This paper proposes to define the basis for a resolution-independent image representation that allows perceptually lossless, distortion-constrained compression. The next section examines previous approaches in image compression and image encoding. Section 3 presents an algorithm for distortion-constrained movie compression. Section 4 details the polynomial encoding method used here, and Section 5 examines possible quantization schemes. Preliminary results are shown in Section 6.


The increasing popularity in digital video has lead to a wealth of research into the encoding of moving images. The following approaches are the basis for the most widely used video codecs.

2.1 3D-Discrete Cosine Transform

By applying a 3D Discrete Cosine Transform to image sequence blocks and quantizing the resulting coefficients in an appropriate manner it is possible to achieve high compression ratios [Wat01a]. The main disadvantages of this approach are the blocking artifacts that appear at high compression rates, the ringing artifacts and occasional blurring that appear at sharp edges. Most of the current video codecs (MPEG-1,-2,-4, H.26x) are 3D-DCT based.

2.2 3D-Discrete Wavelet Transform

The 3D Discrete Wavelet transform (3D-DWT) works by decomposing an image sequence into frequency sub-bands [Wan93a]. Most wavelet-based algorithms achieve compression ratios similar to those obtained with DCT-based methods yet do not exhibit blocking artifacts. The overall visual quality is usually superior (both perceptually and in terms of PSNR) to DCT-based methods. Unfortunately, wavelet-based algorithms also suffer from blurring and ringing artifacts at sharp edges. The 3D-DWT is used in a few codecs, such as Intel Indeo 5.x.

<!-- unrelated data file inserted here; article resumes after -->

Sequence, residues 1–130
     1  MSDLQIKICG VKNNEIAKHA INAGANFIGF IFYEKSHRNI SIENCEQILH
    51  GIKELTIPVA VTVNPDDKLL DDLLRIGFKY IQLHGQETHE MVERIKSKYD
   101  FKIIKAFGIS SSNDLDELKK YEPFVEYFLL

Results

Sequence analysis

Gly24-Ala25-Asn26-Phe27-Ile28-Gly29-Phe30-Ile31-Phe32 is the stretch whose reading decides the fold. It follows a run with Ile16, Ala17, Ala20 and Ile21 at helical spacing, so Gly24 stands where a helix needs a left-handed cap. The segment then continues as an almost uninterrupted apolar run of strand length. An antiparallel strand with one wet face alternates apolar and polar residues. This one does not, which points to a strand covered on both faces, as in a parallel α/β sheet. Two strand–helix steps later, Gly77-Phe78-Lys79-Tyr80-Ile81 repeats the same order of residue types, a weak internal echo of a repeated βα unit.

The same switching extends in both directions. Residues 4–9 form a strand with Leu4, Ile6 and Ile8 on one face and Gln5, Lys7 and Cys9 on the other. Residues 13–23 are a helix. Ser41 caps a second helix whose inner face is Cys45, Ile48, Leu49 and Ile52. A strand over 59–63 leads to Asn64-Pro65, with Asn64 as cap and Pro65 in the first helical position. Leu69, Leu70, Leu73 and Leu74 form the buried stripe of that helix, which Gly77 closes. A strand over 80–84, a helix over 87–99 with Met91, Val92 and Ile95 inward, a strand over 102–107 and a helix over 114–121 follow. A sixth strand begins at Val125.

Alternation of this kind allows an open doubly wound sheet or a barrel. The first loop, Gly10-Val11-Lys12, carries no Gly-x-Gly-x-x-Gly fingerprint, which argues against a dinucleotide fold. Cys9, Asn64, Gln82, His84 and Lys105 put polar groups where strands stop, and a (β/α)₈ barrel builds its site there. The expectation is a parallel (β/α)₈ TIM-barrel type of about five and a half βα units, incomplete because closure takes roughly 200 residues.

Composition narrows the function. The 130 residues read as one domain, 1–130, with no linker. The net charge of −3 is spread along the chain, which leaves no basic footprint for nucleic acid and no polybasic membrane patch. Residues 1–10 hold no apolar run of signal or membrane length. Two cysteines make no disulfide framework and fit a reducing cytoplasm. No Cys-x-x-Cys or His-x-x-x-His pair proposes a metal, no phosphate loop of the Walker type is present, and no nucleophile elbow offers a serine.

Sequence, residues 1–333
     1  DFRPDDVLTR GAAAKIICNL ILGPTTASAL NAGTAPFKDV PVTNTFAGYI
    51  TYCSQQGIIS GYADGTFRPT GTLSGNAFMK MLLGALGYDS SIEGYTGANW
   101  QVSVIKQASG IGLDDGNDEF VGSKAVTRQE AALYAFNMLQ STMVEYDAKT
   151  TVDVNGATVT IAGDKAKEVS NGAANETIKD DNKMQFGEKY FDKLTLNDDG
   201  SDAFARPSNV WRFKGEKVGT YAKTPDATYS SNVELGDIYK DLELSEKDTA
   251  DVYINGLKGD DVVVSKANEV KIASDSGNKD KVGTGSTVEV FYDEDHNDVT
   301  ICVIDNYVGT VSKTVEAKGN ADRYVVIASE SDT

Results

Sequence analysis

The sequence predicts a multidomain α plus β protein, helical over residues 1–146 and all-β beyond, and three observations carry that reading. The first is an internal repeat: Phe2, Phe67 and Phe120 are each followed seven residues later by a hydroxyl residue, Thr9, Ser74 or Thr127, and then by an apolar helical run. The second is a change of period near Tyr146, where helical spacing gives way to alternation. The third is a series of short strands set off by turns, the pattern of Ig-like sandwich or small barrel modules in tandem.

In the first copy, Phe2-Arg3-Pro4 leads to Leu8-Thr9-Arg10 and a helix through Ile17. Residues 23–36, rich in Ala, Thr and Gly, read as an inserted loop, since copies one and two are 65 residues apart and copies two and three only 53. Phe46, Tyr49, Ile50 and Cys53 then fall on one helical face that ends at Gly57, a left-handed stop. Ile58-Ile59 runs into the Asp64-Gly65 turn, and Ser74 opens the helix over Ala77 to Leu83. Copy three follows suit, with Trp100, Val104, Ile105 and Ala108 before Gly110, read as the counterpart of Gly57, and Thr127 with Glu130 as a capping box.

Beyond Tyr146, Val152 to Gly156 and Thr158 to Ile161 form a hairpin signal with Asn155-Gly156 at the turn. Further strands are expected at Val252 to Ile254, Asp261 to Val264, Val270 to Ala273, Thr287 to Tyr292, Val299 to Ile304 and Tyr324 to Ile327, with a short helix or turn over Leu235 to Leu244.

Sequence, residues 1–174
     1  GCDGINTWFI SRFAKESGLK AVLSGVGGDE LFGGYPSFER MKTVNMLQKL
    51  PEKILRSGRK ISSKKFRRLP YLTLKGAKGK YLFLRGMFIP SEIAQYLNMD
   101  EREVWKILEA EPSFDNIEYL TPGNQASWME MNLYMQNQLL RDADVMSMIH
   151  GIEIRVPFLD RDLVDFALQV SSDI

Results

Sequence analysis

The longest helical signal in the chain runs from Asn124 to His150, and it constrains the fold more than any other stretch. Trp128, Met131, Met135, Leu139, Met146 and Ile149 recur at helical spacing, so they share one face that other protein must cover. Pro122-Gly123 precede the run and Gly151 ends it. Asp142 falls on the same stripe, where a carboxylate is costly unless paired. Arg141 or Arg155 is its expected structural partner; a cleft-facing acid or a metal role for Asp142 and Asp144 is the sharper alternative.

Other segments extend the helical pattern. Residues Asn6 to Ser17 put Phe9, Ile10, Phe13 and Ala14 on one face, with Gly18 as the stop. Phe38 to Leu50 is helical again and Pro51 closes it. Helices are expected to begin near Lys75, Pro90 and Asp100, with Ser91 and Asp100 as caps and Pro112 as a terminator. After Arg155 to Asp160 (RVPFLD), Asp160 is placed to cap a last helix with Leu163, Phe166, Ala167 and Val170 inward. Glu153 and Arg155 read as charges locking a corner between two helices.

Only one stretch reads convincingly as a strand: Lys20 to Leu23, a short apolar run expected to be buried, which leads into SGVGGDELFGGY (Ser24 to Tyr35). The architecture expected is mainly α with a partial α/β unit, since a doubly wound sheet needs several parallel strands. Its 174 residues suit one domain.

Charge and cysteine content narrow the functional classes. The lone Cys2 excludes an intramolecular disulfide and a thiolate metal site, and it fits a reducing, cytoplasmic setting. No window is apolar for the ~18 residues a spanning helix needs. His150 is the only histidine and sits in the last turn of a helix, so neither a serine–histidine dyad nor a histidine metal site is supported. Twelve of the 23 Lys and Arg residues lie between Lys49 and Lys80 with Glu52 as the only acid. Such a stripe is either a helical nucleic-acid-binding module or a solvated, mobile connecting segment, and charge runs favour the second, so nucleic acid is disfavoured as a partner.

2.3 Vector Quantization

Vector Quantization works by examining similarities in local image structure [Lin80a]. Although the VQ encoding method is computationally expensive, the decoding itself is very fast. Unfortunately, this method also suffers from blocking artifacts at higher bit rates. VQ can be applied in conjunction with 3D DWT [Yao92a]. Vector Quantization is used by codecs such as Cinepak and Indeo 3.2.

2.4 Polynomial Fitting

By fitting polynomial functions to 3D pixel blocks at different spatial scales it is possible to encode image sequences accurately within a given amount of error. By combining this scheme with scalar quantization methods it is possible to achieve high compression ratios [Cyg96a] without suffering from the ringing artifacts found in other methods.

The work presented in this paper uses polynomial-based encoding as it has been shown to offer compression without resulting in ringing artifacts. Additionally, polynomial functions make up a suitable analytical basis for a resolution-independent representation.